Layton Man Protest War with Memorial

Layton Man Protest War with Memorial

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John Hollenhorst ReportingA Layton man who's concerned about the death toll in Iraq has learned that a few of his neighbors don't appreciate his freedom of speech. But he doesn't plan to change his tune anytime soon.

You may not have realized the American death toll in Iraq today rose to 1340 today. A lot of people on Antelope Drive in Layton already knew that because Mike Norton makes sure they know the number, every day.

Almost every day Mike Norton goes to his computer to download the latest bad news. 1340 dead, and that's just the Americans. Then he collects the latest photos of those who paid the ultimate price.

Mike Norton, Layton: “It’s very frustrating to see us spending so much time, money, and most importantly, blood in Iraq when Osama Bin-Laden is planning his next attack.”

Then he steps into his front yard to spread the news to his neighbors. He updates his sign, hoping that someday the big number at the top will stop growing.

He keeps the growing photo gallery under a sheet of plexi-glass, an honor roll that does not include the ten thousand wounded.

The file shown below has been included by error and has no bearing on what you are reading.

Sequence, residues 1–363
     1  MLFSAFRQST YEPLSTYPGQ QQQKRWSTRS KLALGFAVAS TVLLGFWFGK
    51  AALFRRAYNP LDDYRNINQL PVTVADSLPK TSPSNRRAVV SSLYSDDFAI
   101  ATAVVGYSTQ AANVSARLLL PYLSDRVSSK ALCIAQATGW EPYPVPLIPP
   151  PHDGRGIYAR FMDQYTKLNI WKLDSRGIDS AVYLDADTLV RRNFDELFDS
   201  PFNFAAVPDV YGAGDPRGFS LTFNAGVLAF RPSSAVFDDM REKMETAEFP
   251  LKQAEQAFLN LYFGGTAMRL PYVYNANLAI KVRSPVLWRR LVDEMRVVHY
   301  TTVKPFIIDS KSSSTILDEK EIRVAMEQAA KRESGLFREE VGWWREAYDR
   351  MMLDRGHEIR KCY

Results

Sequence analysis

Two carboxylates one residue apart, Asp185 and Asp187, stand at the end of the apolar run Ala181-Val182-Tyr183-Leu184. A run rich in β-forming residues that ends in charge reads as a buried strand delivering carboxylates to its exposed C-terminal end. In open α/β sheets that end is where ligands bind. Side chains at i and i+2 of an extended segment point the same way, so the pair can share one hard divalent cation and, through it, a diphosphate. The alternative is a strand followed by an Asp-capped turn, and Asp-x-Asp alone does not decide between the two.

Mike Norton: “They’re getting legs shot off and arms shot off. They’re losing their eyesight.”

He calls it a living memorial. Most memorials don't change, he says, but sadly, this one does. He started his protest around election-time with anti-Bush signs. Since then, he's counted nine acts of vandalism, and many acts of a harassment, especially late-night blasts from car horns. It continued after he switched to his Memorial theme.

Mike Norton: “About three weeks ago somebody came by in the middle of the night and spray painted the entire thing with red spray paint. It’s sad when you have to put up security cameras to protect your freedom of speech.”

But other passersby have anonymously dropped off flowers and Teddy Bears. They evidently support Norton's idea of protesting the war while honoring its victims.

Mike Norton: “A free Iraq to me is not worth the loss of 1400 soldiers, Americans.”

Norton says the father of a young man who died in Iraq knocked on his door one day. The grieving man eventually decided the sign was OK because Norton's heart was in the right place and he was not attacking those who have paid such a heavy price.

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